Once taken prisoner, a Japanese could no longer return to his old home; no one but his father and mother would be happy that he had returned alive, and sometimes even the parents and family, swayed by the other villager’s scorn, would start wondering why he had not died a ‘glorious death’. It was not necessarily ‘for the Emperor’ that the Japanese soldier fought to the last, but, rather, because of such rules of the community. What he wished most of all was to avoid shame for the family; the Emperor’s name was no more than a convenient symbol used for that purpose.

Murakami’s book is far too slight for the serious historian of that period, but it still works as a very good introduction for anyone else.

The Emperor Has No Clothes Ritual

In ‘Expect to be Lied to in Japan‘ (New York Review of Books, 8 November 2012), Ian Buruma writes:

I decided to go on a little trip to Matsushima this summer because I had never seen this particular “Great View,” even though I had in fact been there once before, in 1975. Then, too, I set out from the harbor in a boat filled with fellow tourists—all from Japan. As we took a leisurely cruise into the bay, a charming guide gave us a running commentary on the islands we were supposed to be gazing at, their peculiar shapes, names, and histories. The problem was that no matter how keenly we craned our necks in the directions indicated by the guide, we could not see a thing; we were in the midst of a thick fog. But this did not stop the guide from pointing out the many beauties, or us from peering into the milky void.

It was a puzzling experience. My familiarity with Japan was still limited. I didn’t quite know how to interpret this charade. Why were we pretending to see something we couldn’t? What did the guide think she was doing? Was this an illustration of the famous dichotomy that guidebooks say is typical of the Japanese character, between honne and tatemae, private desires and the public façade, official reality and personal feelings? Or was it the rigidity of a system that could not be diverted once it was set in motion? Or was the tourists’ pretense just a polite way of showing respect to a guide doing her job?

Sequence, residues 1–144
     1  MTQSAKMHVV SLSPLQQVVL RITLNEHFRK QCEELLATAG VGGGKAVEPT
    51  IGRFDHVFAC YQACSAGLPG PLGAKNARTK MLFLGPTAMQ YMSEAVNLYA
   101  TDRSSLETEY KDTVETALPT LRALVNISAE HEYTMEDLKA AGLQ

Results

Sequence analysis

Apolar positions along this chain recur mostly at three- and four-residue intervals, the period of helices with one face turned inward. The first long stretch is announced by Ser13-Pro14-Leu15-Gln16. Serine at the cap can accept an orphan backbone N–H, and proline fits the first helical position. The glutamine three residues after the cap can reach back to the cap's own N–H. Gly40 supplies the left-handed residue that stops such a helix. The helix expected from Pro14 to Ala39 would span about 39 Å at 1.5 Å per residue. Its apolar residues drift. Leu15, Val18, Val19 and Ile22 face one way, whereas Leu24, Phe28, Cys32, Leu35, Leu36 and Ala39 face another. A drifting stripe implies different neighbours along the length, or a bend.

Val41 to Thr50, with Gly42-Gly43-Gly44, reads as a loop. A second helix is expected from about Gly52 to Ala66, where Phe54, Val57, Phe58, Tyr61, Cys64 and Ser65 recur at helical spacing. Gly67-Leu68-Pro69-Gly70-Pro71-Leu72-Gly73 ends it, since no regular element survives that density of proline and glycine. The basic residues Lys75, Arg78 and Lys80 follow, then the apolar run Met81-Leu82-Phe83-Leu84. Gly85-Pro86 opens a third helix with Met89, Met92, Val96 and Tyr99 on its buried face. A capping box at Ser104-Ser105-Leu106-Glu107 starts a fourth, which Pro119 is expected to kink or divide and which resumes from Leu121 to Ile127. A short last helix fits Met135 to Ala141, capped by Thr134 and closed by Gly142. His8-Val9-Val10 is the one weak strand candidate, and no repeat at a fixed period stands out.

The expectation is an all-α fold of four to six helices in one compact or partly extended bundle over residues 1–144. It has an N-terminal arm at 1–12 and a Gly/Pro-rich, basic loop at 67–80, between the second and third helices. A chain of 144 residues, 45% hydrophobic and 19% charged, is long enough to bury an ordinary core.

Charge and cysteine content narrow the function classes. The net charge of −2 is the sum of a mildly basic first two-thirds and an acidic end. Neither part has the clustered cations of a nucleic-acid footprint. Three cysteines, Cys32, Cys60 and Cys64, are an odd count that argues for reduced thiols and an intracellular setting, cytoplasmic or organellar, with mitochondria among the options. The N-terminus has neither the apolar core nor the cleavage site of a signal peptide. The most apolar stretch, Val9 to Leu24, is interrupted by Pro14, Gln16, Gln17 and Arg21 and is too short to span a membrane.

I still don’t really know. But since then I have seen other instances of Japanese conforming in public to views of reality that they must have known perfectly well were false, to protect “public order,” or to “save face.” Japan is a country where the emperor is rarely seen naked.

The collective participation in an ‘emperor has no clothes‘ ritual is always fascinating to observe: the collective pretense and participation in make-believe, so seemingly irrational on the surface, but which in fact might be an entirely rational response to the perceived threat of a loss even greater than that necessitated by the temporary suspension of disbelief.

Its most interesting current variant might be the responses to works of art that are clearly felt to be too inaccessible by those that interact with them. Here, a group of ‘consumers’ come face to face with an artwork–perhaps a musical composition, perhaps a painting–that is intractable. But no one is willing to admit their lack of comprehension, their distaste for its rendering, their reluctance to submit to its demands. So the mask is slipped on; quiet, polite, murmurs of appreciation emanate; to say much more would be to admit ignorance, to request admission into philistinism; better then, to move on, maintaining the facade of knowledgeable understanding, or if not that, then at least, not active dislike.  The active bullshitter adds his own distinctive flourish to this collective act; loud exclamations of sensitive, nuanced, yet entirely misplaced, insight emanate, which would invite ridicule were it not for the fact that they would break the collective spell.

It seems to me to be a worthwhile venture for some budding social scientist to investigate the phenomenology of participants in such rituals where every participant is aware of the his own inauthenticity and that of the others, but still feels compelled to maintain the charade. What is the felt experience of the cognitive dissonance, the strain of the maintenance of such public artifice?